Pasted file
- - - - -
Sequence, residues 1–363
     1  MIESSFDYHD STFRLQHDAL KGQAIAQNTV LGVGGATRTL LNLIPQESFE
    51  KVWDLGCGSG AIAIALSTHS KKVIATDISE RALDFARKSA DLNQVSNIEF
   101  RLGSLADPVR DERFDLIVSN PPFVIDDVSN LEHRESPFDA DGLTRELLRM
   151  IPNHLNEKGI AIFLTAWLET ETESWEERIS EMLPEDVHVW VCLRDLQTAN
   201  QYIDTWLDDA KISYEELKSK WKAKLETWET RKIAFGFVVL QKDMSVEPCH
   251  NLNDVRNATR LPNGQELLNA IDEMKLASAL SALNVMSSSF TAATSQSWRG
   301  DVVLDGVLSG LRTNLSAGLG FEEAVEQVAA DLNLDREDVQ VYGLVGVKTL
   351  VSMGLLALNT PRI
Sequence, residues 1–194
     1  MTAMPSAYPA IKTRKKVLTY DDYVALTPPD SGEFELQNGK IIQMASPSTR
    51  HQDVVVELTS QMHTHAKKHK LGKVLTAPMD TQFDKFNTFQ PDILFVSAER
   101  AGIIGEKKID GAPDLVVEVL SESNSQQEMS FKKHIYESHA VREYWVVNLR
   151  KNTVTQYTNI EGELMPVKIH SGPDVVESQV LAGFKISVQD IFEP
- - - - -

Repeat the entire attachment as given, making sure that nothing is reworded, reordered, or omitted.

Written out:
Sequence, residues 1–363
     1  MIESSFDYHD STFRLQHDAL KGQAIAQNTV LGVGGATRTL LNLIPQESFE
    51  KVWDLGCGSG AIAIALSTHS KKVIATDISE RALDFARKSA DLNQVSNIEF
   101  RLGSLADPVR DERFDLIVSN PPFVIDDVSN LEHRESPFDA DGLTRELLRM
   151  IPNHLNEKGI AIFLTAWLET ETESWEERIS EMLPEDVHVW VCLRDLQTAN
   201  QYIDTWLDDA KISYEELKSK WKAKLETWET RKIAFGFVVL QKDMSVEPCH
   251  NLNDVRNATR LPNGQELLNA IDEMKLASAL SALNVMSSSF TAATSQSWRG
   301  DVVLDGVLSG LRTNLSAGLG FEEAVEQVAA DLNLDREDVQ VYGLVGVKTL
   351  VSMGLLALNT PRI
Sequence, residues 1–194
     1  MTAMPSAYPA IKTRKKVLTY DDYVALTPPD SGEFELQNGK IIQMASPSTR
    51  HQDVVVELTS QMHTHAKKHK LGKVLTAPMD TQFDKFNTFQ PDILFVSAER
   101  AGIIGEKKID GAPDLVVEVL SESNSQQEMS FKKHIYESHA VREYWVVNLR
   151  KNTVTQYTNI EGELMPVKIH SGPDVVESQV LAGFKISVQD IFEP